A college investment plan for all ages

At Bankrate we strive to help you make smarter financial decisions. While we adhere to strict , this post may contain references to products from our partners. Here’s an explanation for

Unless your kids win the lottery the day they turn 18, you’ll probably be paying for at least part of their college educations.

It is hoped you foresaw this eventuality and began a college investment plan the day they were born.

Not everyone is an overachiever in the savings department, however. If you woke up one day to suddenly discover that your child turned 12 years old, you can still save up a tidy nest egg for college.

How much you need to save

Do you plan on encouraging a private college? Ivy League even? Your savings plan should reflect that.

Before starting your college nest egg, find out now how much a college education will cost the year your child heads off to the dorms.

A college calculator on Savingforcollege.com (a Bankrate.com company) will project the likely total cost of an education in the year your little tyke heads off to college — as well as how much you’ll need to save every month to hit that goal.

You may be amazed at the monthly savings tab, even though your child may still be in the crib. True, the cost of higher education is spiraling out of control, but saving for your children’s education isn’t an all-or-nothing proposition.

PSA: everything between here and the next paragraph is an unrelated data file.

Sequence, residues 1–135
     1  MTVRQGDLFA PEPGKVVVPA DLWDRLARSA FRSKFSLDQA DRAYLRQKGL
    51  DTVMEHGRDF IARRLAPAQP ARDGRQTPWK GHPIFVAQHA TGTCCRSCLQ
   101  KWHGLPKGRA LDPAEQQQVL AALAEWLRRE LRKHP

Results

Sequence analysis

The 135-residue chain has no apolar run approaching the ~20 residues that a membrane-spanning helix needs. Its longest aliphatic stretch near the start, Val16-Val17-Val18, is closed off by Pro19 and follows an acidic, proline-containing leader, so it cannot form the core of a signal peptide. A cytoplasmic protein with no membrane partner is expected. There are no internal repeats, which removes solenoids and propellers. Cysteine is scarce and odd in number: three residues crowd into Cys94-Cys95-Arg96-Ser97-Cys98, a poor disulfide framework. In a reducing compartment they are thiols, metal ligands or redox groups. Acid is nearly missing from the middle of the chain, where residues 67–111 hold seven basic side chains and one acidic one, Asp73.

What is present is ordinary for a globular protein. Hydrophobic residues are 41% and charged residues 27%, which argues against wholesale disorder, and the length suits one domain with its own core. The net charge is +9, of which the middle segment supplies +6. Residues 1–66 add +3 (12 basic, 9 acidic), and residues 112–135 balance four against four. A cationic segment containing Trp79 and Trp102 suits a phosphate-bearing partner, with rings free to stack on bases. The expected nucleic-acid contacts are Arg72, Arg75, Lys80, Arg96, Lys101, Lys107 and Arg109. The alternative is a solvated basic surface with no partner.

According to Nicholas Yrizarry, founder and president of Nicholas Yrizarry & Associates, a wealth management firm in Reston, Va., it’s not necessary to kill yourself trying to save the entire cost of college.

“The greatest thing that a parent can do — and this is from a parent — is to make your children invest themselves in the college experience and make them pay some. In my case it was half,” he says.

“They’re incentivized to try and get scholarships because they know that is part of their half,” says Yrizzary.

With a solid foundation of financial literacy education, kids should know that avoiding loans, if at all possible, is in their best interest.

That said, it’s easier for kids to get student loans than it is for parents to get loans to fund their retirement. Parents should not consider saving money for college unless their retirement funds are already flush.

10 or more years until college

Paying for college involves more than just savings in most cases. To determine how much you should squirrel away each month, take into consideration how much you plan to pay and whether your family may qualify for need-based financial aid.

This may be a good time to visit a financial planner to investigate all of the available options. Financial planners have some tricks up their sleeves that can help shelter college savings from financial-aid calculations.

For instance, some parents may be able to use a life insurance policy or a tax-deferred annuity to pay for some college costs.